this.setState(previousState => ({
            messages: GiftedChat.append(
              previousState.messages,
              newmessage.reverse()
            )
          }));
        }
      );
    }

    And with that, chat messages are now retrieved and displayed in the correct, chronological order that they were sent.

    Gifted Chat Message history with PubNub

    Associating Users to Messages in the Chat UI

    You can observe that when you send a message and refresh the app, the messages are all displayed on the recipient side. Why does this happen? We’ve randomly created a user id when we load the app, to simulate multiple users.

    We need to add a little user authentication so we can identify users in the chat. This will enable us to show the messages on the correct side of the chat interface. Then, users will be able to visually differentiate their chat messages from their friend’s chat messages.

    First, we need to create a couple of files in our app directory.

    React Chat App File Structure

    We need to move the code from our App.js file to MainChat.js and change the class name from App to MainChat as shown in the code snippet below:

    import React, { Component } from "react";
    
    import {
      View,
      Text,
      StyleSheet,
      TextInput,
      TouchableOpacity,
      Image
    } from "react-native";
    
    export default class App extends Component {
      render() {
        return (
          <View style={styles.container}>
            <View style={styles.logo}>
              <Image
                source={require("../img/react.jpg")}
                style={{ width: 66, height: 58 }}
              />
              <Image
                source={require("../img/pubnublogo.png")}
                style={{ width: 60, height: 60 }}
              />
            </View>
            <Text style={styles.welcome}>Chat with Pubnub</Text>
            <TextInput
              style={styles.input}
              placeholder="Username"
              autoCapitalize="none"
              autoCorrect={false}
              onChangeText={username => this.setState({ username })}
            />
            <TextInput
              style={styles.input}
              secureTextEntry={true}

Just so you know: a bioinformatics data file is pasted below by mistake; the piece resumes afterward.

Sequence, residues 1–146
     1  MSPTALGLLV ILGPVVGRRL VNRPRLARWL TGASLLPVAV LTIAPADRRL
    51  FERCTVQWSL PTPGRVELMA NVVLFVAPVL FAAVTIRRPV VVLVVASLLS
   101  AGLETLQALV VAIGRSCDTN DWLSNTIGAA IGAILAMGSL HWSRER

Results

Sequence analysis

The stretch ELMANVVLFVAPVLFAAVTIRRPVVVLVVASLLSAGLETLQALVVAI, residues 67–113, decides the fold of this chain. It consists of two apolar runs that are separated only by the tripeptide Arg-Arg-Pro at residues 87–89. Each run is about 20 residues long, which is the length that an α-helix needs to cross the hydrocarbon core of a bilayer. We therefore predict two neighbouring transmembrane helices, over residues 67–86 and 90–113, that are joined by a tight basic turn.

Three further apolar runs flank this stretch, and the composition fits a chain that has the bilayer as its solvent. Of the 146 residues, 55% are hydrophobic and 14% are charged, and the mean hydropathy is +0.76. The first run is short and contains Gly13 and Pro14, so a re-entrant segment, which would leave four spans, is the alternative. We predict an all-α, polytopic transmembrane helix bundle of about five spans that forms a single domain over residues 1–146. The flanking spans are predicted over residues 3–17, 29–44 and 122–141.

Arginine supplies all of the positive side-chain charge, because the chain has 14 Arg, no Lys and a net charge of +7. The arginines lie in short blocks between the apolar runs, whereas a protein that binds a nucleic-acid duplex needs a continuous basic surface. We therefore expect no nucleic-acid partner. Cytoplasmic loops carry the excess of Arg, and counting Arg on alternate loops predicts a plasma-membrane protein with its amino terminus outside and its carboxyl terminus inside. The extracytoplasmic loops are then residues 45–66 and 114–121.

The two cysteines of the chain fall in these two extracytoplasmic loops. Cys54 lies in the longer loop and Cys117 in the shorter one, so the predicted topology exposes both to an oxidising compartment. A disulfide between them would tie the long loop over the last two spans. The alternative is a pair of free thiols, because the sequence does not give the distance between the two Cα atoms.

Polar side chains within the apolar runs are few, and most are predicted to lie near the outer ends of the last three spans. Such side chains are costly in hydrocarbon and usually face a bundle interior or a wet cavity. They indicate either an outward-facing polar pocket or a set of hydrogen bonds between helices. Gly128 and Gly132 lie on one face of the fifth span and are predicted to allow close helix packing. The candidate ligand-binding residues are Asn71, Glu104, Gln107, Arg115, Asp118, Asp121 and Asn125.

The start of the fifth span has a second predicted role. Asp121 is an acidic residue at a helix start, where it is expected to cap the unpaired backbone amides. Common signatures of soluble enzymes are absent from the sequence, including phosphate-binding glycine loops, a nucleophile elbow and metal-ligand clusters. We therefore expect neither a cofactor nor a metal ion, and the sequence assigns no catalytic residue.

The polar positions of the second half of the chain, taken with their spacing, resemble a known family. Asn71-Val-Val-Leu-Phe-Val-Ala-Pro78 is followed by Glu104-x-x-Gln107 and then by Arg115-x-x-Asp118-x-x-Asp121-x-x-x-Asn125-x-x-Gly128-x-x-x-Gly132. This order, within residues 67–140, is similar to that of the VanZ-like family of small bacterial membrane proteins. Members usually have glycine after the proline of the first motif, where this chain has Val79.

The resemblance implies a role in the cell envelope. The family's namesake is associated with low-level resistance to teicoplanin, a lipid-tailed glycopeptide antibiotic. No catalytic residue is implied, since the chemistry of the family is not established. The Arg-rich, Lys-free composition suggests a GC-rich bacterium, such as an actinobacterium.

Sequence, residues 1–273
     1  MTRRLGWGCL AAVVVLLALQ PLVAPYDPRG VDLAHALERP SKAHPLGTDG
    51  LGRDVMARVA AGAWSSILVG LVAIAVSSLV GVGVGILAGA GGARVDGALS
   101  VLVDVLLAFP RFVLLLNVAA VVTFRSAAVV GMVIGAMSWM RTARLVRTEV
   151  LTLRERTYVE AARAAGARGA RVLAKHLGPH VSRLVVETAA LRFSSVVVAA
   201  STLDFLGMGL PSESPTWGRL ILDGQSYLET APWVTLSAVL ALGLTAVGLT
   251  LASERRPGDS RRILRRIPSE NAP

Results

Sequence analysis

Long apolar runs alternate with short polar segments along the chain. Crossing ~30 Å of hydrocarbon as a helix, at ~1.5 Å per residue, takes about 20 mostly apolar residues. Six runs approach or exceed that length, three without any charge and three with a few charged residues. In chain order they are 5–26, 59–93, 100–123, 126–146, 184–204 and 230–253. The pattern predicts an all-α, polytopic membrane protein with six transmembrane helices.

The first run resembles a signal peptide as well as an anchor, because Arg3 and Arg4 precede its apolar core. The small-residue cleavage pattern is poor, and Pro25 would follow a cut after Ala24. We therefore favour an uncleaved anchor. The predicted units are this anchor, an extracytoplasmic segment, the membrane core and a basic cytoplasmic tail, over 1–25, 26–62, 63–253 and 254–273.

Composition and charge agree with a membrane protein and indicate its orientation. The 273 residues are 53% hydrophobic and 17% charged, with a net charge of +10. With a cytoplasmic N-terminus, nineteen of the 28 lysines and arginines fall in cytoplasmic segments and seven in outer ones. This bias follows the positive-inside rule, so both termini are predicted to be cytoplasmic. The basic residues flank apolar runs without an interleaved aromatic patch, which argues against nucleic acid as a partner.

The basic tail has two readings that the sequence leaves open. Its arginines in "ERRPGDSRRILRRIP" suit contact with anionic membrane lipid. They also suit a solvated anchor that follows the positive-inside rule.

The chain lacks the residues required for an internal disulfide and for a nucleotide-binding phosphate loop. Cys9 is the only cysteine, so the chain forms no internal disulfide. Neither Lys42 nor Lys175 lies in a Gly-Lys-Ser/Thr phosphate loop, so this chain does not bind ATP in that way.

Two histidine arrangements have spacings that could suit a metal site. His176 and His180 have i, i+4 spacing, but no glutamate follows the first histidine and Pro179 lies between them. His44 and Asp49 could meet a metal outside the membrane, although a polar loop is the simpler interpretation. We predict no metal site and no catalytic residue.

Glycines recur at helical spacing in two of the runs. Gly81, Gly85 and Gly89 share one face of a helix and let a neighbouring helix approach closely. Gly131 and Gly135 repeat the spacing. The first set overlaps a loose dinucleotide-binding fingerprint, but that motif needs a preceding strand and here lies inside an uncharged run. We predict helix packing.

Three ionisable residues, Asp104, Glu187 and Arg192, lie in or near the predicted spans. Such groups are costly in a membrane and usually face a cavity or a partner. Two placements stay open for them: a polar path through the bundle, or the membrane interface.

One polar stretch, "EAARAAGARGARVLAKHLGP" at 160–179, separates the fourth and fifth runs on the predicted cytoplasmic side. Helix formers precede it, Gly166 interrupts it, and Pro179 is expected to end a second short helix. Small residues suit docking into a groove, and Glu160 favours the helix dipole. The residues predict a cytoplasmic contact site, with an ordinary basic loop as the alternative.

placeholder="Password"
              onChangeText={password => this.setState({ password })}
            />
            <View style={styles.btnContiner}>
              <TouchableOpacity style={styles.btn} onPress={() => this.login()}>
                <Text style={styles.btntext}>Login</Text>
              </TouchableOpacity>
            </View>
          </View>
        );
      }
    }
    
    const styles = StyleSheet.create({
      container: {
        flex: 1,
        justifyContent: "center",
        alignItems: "center",
        bottom: 66
      },
      welcome: {
        fontSize: 30,
        textAlign: "center",
        margin: 10,
        fontWeight: "300"
      },
      input: {
        width: "90%",
        backgroundColor: "skyblue",
        padding: 15,
        marginBottom: 10
      },
      btnContiner: {
        flexDirection: "row",
        justifyContent: "center",
        width: "80%"
      },
      btn: {
        backgroundColor: "orange",
        padding: 15,
        width: "45%"
      },
      btntext: { fontSize: 16, textAlign: "center" },
      logo: {
        flexDirection: "row"
      }
    });
    
    

    Now you can see the result of our login form styling.

    User Auth screen for Chat

    Next, we’ll add user authentication functionality. To do this, first, we create a state object with two variables username and password like in the code snippet below:

    state = { username: "", password: "" };

    When a user types in the text input field, we add the text data to state variables as shown in the code snippet below:

    <View style={styles.container}>
      <Text style={styles.welcome}>Chat with Pubnub</Text>
      <TextInput
        style={styles.input}
        placeholder="Username"
        autoCapitalize="none"
        autoCorrect={false}
        onChangeText={username => this.setState({ username })}
        />
      <TextInput
        style={styles.input}